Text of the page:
It is being reported that the Pope is going to Ireland which has the worst record for pedophile priests. The conspiracy and evil cover ups are world-wide. Those tasked with teaching the words of a prophet may be dominated by non-believers who took the job just to be better able to commit vile crimes. The Catholic Church is an amalgamation of the Mafia and “Monster’s Inc.”
  18. 1 point
    LOL... This one is cute: Michael
  19. 1 point
    Just keep minding your manners and who knows, one of these days these posts are gonna gush all over you...click click, click click....
  20. 1 point
    Korben. Let me enlighten you. Hell no! If you read my post a few more times, you might figure out what I was talking about. I can get abstract, I know, so multiple readings might help you understand. However if it gets really difficult for you after a few days, I will be glad to try to rephrase it in middle school vocabulary or make a picture or something. Michael
  21. 1 point
    Emphases added ... in re Michael Cohen and the New York FBI news just breaking in the Fake News world ... is he 'in custody' or not? The "comments from a kidnapping victim" will be interesting to parse, now that the "kidnappers" seem to have extracted what they wanted and intend to bring their victim before the Deep State. Cohen is just now formally arrested by the FBI and is on his way to a courtroom, unless the Fake News is Extra Fake today and making a mountain out of a molehill of gossip and 'sources say.' What does this have to do with Donald Trump? Probably close to absolute zero in terms of dirtying the President's reputation or contributing to legal jeopardy, IMHO. Cohen's reputation is something else, though. "Why didn't somebody tell me my longtime fixer was crooked?" will be said by nobody on Twitter.
  22. 1 point
    Stevie the Wonder believes that global warming caused Aretha's cancer. It's settled science. ‘All these various diseases that we have and all that is happening in the world in part is because there are those who don’t believe in global warming’ Oooh! Let's punish the non-believers who killed Aretha by not believing! As Al Sharpton said, "In the words of my late friend Aretha Franklin, show some 'R-E-S-P-I-C-T.'" J
  23. 1 point
    The "Manager" quote in the box at the top reminds me of Deming, the statistician who preached quality control after WWII to deaf ears in the US, so he went to Japan and made that country a world leader in quality automobiles and electronics. While this was based in part on statistics, it also included much about management practices. I think the common thread is the question of whether the management task is to make things work or to assign blame when they don't. This and three of Jonathan's points make me think of the management of the apartment building where I have been living for two years. As one example, in the fall we get a condescending letter of advance blame reminding us not to open our windows in the winter and thereby let the apartment get so cold the radiators freeze. The first question is, "Who would be dumb enough to do that in New Hampshire?" Unmentioned is the fact that the second floor here is so hot that I never have to turn the heat on all year, and, indeed, do have to open windows in the dead of winter. To solve the problem one would need to figure out what is wrong with the heating or ventilation system, but it's much easier to blame the victim.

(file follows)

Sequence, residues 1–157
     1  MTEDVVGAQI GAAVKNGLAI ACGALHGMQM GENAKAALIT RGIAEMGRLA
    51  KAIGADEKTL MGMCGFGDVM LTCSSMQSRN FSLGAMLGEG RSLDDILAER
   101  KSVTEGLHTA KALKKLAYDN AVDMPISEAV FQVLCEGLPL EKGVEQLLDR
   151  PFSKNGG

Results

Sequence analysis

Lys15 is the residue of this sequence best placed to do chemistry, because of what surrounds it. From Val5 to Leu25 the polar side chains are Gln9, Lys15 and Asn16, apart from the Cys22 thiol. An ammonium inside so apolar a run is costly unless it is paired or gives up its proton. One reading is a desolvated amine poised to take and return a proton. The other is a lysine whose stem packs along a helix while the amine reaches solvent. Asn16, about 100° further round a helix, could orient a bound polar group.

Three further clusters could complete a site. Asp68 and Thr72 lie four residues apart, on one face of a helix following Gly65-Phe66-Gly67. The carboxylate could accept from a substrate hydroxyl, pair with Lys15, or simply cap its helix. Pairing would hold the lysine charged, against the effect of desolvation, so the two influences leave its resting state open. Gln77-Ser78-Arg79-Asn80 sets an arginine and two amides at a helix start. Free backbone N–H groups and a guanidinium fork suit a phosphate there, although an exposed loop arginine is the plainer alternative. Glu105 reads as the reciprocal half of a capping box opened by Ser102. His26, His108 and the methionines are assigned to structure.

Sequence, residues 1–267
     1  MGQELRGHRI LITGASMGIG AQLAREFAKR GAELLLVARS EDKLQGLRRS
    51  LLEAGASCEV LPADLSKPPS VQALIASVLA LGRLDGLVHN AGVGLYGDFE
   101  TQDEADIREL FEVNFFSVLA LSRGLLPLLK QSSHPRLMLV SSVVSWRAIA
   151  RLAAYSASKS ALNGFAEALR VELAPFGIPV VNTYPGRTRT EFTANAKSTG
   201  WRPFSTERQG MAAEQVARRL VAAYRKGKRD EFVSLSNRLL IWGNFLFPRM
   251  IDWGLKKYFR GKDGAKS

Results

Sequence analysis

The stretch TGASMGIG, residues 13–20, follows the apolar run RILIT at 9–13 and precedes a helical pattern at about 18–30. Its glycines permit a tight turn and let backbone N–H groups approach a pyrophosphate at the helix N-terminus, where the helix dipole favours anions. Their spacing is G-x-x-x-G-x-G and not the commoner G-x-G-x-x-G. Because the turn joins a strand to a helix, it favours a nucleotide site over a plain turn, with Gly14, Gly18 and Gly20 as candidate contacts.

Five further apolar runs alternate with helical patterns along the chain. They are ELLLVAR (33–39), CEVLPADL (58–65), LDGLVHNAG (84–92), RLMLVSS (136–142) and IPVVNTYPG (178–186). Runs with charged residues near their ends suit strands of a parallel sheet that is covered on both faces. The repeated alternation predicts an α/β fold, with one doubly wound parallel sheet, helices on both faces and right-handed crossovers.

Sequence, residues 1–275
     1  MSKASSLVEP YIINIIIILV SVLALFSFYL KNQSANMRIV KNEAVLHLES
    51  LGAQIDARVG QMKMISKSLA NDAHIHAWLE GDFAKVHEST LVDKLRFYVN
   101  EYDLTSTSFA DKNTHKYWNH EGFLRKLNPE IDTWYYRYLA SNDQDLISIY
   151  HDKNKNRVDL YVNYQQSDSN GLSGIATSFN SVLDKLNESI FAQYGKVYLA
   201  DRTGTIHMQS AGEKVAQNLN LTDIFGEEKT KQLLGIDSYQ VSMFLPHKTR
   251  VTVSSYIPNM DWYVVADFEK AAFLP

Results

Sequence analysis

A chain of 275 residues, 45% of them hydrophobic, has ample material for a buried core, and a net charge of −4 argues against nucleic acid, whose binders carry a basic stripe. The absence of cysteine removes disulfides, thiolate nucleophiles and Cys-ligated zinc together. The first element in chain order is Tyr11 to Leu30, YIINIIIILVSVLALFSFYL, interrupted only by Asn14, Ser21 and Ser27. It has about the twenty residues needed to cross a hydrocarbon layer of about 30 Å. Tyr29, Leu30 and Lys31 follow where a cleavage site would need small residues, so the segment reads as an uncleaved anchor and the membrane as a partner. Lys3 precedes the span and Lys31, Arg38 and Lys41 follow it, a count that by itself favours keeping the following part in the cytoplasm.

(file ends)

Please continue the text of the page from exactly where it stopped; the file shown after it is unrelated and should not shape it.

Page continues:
24. 1 point
    I am just trimming a bit. I started a low carb diet. It seems to be working. Now I can get to my optimal weight. I am not grossly overweight, but I am carrying more pounds than I wish to carry. So far my cardiohealth is good. I have a resting pulse of 48 bpm and I can ride 20-40 miles on my bike w.o. stopping to rest. Not bad for an 82 year old codger.
  25. 1 point
    Yes totally, "principles are not out-of-context absolutes" _especially and only _ "for an individual". I was saying: we have to work with what we've got. Real things, and real principles abstracted from real things Recalls AR: "He who...[something]...the future, lives it in it today" (I forget Rand's complete words). Since now and here is all one has, reality and one's adherence to reason and the good life, can't be put in abeyance until things improve drastically on the political (individual rights) front. And in our own lifetimes that's uncertain to improbable. I think the rationalism observed sometimes from Objectivists is all tied up with ambivalent, a priori ideas of perfection and perfectibility. Perhaps a hangover from initial religious influences - as if Rand and Objectivism would and could magically make oneself and the world instantly perfect. I.E, simply, by being put "out there" (by ARI, etc.) - or by one reading and theoretically understanding what Objectivism is (without following up with assiduous action, application and much further thinking). "Perfection" in objective terms (as if there were anything else, in reality), I think, is of one making the maximum commitment to what one is - in capacity and capability - according to and derived from what the identity of man is. The disappointment I've come across in Objectivism circles about a. the apparently "unheroic" outcomes in one's life and b. bitterness about one's imperfect society and nations (and less-than-"perfect" leaders...) can be explained and averted by understanding that the mind of man can aspire to be perfect - up to its boundaries in reality, and possible only for oneself. A wide and deep range of boundaries, which one hasn't a conception of until one begins discovering and pushing them. 'Beyond' reality lies (neo) mysticism, rationalism and intrinsicism. For everyone else around, one cannot know their minds nor control them, and here too, with others, one should not let 'the perfect' be the enemy of the good, as the saying goes.. Recalls another quote: "...and the wisdom to know the difference." Between what one can change and what one can't. Between one's own life-sphere and the public sphere. Happiness depends upon knowing the distinction.